Box jumps are one of the most popular plyometric exercises. But many people don’t know about the box jump’s bastard cousin, the drop jump. Drop jumps involve stepping off a high platform, absorbing your impact with the ground, and immediately jumping back into the air as high as possible. Drop jumps can be extremely taxing to both the body and central nervous system. In a recent study in the Journal of Strength and Conditioning Research two researchers, one from Canada and one from Australia, crossed continents to study how leg strength affects drop jumps.

 

The research team recruited fifteen well trained female rugby players and measured their max front squats. Then the ladies were put through a series of tests using drop jumps. Researchers measured many different qualities of the drop jump, but focused particularly on the jump height.

 

The researchers used the front squat results to divide the women into a low strength group and a high strength group, depending on their strength-to-bodyweight ratios. Women from the high strength group displayed significantly better performance on the drop jumps. They jumped significantly higher, especially at higher drop heights. At the highest drop heights the high strength group was jumping a full two inches higher than the low strength group.

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You may be asking, “So what? The stronger women jumped higher. Big surprise.” But the lesson learned is that leg strength plays a large role not only in plyometric performance, but in tolerating plyometric work. Performance in the low strength group declined rapidly as drop heights increased, while the high strength group was able to maintain about the same jumping height across all drops.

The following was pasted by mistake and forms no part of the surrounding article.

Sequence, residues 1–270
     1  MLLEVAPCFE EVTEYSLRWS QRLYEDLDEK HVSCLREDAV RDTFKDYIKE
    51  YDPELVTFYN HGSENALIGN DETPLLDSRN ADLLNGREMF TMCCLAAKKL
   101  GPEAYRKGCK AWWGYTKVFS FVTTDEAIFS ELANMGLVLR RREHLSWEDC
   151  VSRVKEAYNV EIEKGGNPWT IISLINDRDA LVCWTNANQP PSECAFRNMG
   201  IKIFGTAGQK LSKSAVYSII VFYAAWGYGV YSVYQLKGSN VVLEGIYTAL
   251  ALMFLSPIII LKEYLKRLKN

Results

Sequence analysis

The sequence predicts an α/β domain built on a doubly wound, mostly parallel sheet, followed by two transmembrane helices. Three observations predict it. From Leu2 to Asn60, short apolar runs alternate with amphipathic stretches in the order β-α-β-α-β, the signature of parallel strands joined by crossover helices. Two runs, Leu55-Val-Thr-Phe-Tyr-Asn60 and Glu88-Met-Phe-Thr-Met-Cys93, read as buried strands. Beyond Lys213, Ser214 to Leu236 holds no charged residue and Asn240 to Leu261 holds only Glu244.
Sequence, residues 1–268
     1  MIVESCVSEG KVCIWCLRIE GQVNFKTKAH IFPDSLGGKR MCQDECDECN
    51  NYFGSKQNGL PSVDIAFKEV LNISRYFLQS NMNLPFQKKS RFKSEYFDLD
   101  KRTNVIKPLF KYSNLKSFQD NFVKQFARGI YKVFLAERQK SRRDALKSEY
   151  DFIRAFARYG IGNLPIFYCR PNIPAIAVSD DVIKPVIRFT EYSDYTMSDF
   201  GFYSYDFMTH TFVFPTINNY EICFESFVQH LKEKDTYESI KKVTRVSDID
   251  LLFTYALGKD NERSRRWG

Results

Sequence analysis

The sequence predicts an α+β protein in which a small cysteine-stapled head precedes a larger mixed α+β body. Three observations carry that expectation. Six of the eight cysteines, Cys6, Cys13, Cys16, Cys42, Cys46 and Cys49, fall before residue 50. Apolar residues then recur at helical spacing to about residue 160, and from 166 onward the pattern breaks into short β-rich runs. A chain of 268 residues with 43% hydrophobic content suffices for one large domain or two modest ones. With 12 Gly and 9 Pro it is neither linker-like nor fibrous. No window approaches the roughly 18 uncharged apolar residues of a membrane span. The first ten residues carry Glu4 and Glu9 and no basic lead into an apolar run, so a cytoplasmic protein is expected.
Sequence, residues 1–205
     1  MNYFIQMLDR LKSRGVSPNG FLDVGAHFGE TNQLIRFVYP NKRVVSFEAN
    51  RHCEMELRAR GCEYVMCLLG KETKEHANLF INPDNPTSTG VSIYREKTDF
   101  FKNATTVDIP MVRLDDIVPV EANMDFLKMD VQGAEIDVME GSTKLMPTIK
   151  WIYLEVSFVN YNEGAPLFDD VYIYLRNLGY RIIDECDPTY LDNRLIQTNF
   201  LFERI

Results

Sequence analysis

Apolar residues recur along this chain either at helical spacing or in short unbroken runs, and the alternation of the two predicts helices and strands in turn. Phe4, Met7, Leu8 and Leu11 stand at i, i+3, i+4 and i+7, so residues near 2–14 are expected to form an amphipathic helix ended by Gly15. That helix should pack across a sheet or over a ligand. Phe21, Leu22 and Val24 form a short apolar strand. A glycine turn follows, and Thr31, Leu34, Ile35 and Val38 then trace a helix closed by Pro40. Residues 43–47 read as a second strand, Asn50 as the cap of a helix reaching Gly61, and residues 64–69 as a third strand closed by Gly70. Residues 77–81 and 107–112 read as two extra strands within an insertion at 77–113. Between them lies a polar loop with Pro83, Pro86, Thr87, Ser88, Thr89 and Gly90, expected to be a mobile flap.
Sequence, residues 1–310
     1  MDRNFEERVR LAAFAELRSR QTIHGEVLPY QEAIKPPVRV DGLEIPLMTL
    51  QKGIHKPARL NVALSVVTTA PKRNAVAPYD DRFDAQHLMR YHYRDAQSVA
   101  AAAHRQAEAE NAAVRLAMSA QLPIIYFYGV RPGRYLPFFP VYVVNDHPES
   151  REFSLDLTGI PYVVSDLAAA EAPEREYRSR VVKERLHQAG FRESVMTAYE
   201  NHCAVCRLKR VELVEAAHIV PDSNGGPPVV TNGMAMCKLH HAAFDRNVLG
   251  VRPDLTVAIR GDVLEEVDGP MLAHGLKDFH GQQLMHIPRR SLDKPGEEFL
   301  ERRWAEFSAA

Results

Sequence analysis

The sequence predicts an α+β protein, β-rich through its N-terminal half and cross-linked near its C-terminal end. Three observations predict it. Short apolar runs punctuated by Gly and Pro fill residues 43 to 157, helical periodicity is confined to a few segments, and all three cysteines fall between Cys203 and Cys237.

So if you want to improve plyometric performance, then you can’t ignore leg strength. While plyometric work may seem like a bodyweight exercise, and therefore the opposite of moving a barbell, your ability to move a barbell with your legs may limit your plyometric performance.

 

This study also demonstrates the importance of lower body strength training for athletes. A football player jumps to catch the ball, lands, and then takes off in a different direction - that’s a lot like a drop jump. A basketball player jumps repeatedly to fight for a rebound - that’s a lot like a drop jump. A CrossFit athlete performs rebounding box jumps in competition - that’s a lot like a drop jump. Each of these athletes must excel at jumping, but each must also understand that leg strength is as critical to his success as plyometrics. The two work hand in hand.

 

References

1. Matthew Barr and Volker Nolte. The Importance of Maximal Leg Strength for Female Athletes When Performing Drop Jumps. Journal of Strength & Conditioning Research. February 2014 - Volume 28 - Issue 2 - p 373–380. doi: 10.1519/JSC.0b013e31829999af

 

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